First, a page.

From wearing masks and staying indoors to working from home, suggestions to deal with the deadly air pollution in Delhi flooded Twitter on Sunday as people took to social media to vent their anger on politicians for their inactions.
"Keep those damned windows closed, y'all. Don't go out. #DelhiAirEmergency #smog," wrote one user.
#DelhiAirEmergency and #DelhiPollution were among the top trends on Twitter on Sunday.
"Imagine if this is happening at Capital and still we are seeing such laziness from authorities. We can imagine how they will treat small cities/states. Just because all the major parties are at fault doesn't mean it's ok if you don't take action. #DelhiAirEmergency," wrote another user.
Some users even criticised teenage Swedish environment activist Greta Thunberg for not tweeting anything on the rising pollution levels in Delhi.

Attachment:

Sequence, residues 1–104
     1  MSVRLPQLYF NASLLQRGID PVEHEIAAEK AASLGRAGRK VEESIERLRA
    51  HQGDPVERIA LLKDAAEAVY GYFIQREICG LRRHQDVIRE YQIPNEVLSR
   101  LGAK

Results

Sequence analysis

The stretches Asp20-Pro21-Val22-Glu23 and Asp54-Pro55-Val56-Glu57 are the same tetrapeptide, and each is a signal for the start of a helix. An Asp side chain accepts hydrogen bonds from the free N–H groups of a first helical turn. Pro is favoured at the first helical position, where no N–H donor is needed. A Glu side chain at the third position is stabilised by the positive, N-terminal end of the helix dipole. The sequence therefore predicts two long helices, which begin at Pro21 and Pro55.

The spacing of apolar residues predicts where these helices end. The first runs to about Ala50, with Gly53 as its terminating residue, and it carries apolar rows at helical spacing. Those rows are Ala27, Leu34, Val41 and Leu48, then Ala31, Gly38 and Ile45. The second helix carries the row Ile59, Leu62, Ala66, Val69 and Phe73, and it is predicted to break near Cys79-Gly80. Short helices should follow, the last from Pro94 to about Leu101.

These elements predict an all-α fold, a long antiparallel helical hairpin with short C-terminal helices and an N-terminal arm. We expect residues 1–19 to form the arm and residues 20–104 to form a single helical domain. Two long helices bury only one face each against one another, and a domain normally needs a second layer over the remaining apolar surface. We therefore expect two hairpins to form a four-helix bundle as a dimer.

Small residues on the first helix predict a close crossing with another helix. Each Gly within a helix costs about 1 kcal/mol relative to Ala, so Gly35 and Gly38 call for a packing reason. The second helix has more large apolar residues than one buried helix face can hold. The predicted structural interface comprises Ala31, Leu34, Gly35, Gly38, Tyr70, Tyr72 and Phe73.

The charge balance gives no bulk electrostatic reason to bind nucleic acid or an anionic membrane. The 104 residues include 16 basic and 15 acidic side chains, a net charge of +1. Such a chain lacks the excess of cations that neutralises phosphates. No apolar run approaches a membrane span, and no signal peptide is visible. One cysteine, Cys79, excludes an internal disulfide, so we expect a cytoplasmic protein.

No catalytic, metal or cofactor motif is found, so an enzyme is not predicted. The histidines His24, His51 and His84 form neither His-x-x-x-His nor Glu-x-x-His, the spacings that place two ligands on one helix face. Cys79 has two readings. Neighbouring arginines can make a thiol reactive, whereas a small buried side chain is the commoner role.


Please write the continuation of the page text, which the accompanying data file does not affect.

"All offices in Delhi and NCR should ask all employees to do work from home till this situation improves. It will help reduction in pollution level to some extent. #DelhiAirEmergency," tweeted one user.
With a thick smog engulfing the Delhi airport and areas surrounding it, as many as 32 flights were diverted to nearby cities on Sunday.
The pollution in Delhi, however, did not stop some users from creating some very relevant and yet funny memes.
"Nahi bachega mai idhaar, mar jayega main," read the caption of an image showing actor Nawazuddin Siddiqui from the Netflix series "Sacred Games".
Several other users pointed to the health risks of breathing toxic air.
"I'm saying this again, and I will, till things improve, we really need to tackle #pollution in Delhi-NCR, or we're simply just raising a generation with unhealthy lungs and a lifetime of breathing issues," wrote one user.
Hospitals in the National Capital Region (NCR) have witnessed a rise in cases linked to respiratory and eye problems following the spike in pollution levels over the past one week. Exposure to air pollution is also very harmful for heart patients and kids.
"Exposure to certain chemicals post Diwali can trigger a variety of heart-related problems ranging from increased blood pressure or irregular heartbeat to heart attacks or even sudden cardiac arrest, especially amongst the elderly population," Sundeep Mishra, professor of cardiology at the All India Institute of Medical Sciences (AIIMS), said in a statement.